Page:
Fearless Forecast: 260 attempts, 1,099 rushing yards, 32 receptions, 232 receiving yards, 11 total touchdowns, RB11
RB: Royce Freeman, Den (61.1 ADP, RB26) – Many in the fantasy community still house considerable bitterness toward Denver running backs. Thanks to the misguided, deceiving ways of Lucifer Shanahan, owners mining for Rocky Mountain gold missed the memo on Reuben Droughns, Mike Anderson and Tatum Bell. As a result, they vowed to never again trust a Broncos back. But it’s time to rescind the blood pact.
Freeman is everything Vance Joseph needs and more. His stout build (6-feet, 235 pounds), quick feet (4.54 40-yard dash) and open-field shiftiness has him on the fast-track to overtake slouch Devontae Booker in short order. Keep in mind, the decorated former Duck accumulated 3.39 yards after contact per attempt and finished RB11 among all FBS rushers in elusive rating last year. Cleaning up in pass pro and offering more consistency as a receiver are necessities, but he’s the odds-on favorite to lead the Broncos in touches, netting 15-17 grips per game. Behind an offensive line that finished No. 9 in run-blocking efficiency according to Football Outsiders in 2017 and given the benefits of Denver’s overall offensive improvements, the Rolls Royce could very easily tally luxurious, top-15 fantasy numbers. His breakthrough performance Preseason Week 1 was just the beginning. In terms of running style and fantasy substance, he reminds me of Chicago’s battering ram mentioned above. Saddle him up.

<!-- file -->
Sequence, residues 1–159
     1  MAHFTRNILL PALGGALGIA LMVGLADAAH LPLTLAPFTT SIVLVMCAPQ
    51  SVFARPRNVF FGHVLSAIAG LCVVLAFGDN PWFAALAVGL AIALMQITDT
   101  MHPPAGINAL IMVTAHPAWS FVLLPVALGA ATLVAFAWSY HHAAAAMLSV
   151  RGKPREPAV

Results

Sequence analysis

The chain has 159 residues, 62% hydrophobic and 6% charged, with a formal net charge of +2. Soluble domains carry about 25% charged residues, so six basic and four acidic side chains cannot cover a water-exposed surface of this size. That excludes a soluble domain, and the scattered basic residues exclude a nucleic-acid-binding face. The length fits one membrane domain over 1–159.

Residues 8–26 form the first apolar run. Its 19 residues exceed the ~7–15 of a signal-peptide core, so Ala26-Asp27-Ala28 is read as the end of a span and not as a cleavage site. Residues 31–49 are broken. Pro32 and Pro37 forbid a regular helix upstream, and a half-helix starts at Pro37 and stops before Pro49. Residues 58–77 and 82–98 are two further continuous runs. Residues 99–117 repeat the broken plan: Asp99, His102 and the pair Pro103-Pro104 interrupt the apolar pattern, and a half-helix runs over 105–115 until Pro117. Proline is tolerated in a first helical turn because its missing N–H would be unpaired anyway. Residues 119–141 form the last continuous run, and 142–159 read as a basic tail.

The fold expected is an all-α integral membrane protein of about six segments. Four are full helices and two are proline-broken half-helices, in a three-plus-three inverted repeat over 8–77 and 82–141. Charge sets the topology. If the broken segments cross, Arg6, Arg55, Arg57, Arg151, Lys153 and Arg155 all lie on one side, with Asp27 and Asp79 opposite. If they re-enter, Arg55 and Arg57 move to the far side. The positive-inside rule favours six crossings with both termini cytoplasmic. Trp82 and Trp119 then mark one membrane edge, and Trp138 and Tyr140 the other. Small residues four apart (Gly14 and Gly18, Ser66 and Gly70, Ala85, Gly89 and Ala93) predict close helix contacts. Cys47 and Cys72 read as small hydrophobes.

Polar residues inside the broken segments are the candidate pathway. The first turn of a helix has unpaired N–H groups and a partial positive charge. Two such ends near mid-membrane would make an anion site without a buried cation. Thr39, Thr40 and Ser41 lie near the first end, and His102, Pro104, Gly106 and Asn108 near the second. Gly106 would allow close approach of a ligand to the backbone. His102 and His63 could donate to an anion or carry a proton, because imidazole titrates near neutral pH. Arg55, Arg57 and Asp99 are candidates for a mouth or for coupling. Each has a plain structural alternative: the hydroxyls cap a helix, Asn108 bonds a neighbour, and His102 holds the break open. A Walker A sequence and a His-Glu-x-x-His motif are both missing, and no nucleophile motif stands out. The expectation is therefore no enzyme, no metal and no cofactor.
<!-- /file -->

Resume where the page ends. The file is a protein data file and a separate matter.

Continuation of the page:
Fearless Forecast: 256 attempts, 1,072 rushing yards, 31 receptions, 241 receiving yards, 8 total touchdowns, RB14
WR: Josh Gordon, Cle (51.9 ADP, WR26) – Accumulated rust be damned. Gordon, off a year-plus disappearance from professional football, showcased his world-class skills from the onset late last year. In five games, he enticed 26.4 percent of the target share, averaged a ridiculous 2.09 yards per route (WR13), 17.5 average depth of target (WR2) and chipped in 11.5 fantasy points per game. Extrapolate his 18-335-1 line over 16 games and he would’ve finished at 58-1072-4, nearly the same number of total fantasy points in .5 PPR as T.Y. Hilton. And that’s just scratching the surface. Other advanced analytics (e.g. success versus man/press coverage per #ReceptionPerception) paint a rosy picture. Again, that’s not too shabby considering the forced vacation and his horrendous quarterback play. Understand he finished WR86 in catchable targets percentage. Deshone Kizer, who would miss Cedar Point’s 205-foot Steel Vengeance from five yards out, overthrew him routinely.
Yes, Jarvis Landry is a volume receiver who will likely reduce Gordon’s workload, but they’re two very different weapons. Landry along with Duke Johnson and David Njoku’s presence in the short field could lead to more premium downfield looks, especially with fantasy #BurnerAccount, Corey Coleman, out of the equation.
More importantly, Tyrod Taylor and Baker Mayfield are substantial upgrades at QB. Remember, Gordon tallied godlike numbers in 2013 with the likes of Jason Campbell, Brandon Weeden and Brian Hoyer under center.
Due to his superior talents, ideal size and prominent role, he’s a bargain at his discounted ADP. A WR1-level season in 12-team leagues is on the horizon, assuming he returns to the team promptly.
Fearless Forecast: 73 receptions, 1,109 receiving yards, 8 touchdowns, 195.4 fantasy points, WR10
WR: Larry Fitzgerald, Ari (33.6 ADP, WR14) – In the not-so-distant future, bronze statues of Fitzgerald will glisten under the scorching Sonoran sun. The man is an Arizona institution, a dedicated, unflinching consistency king whose popularity in the area is only rivaled by Kurt Warner and John McCain. Some believe given his advanced age (35) he can’t possibly continue to crank out elite fantasy campaigns, but similar to Tom Brady his football DNA is more than your standard double helix.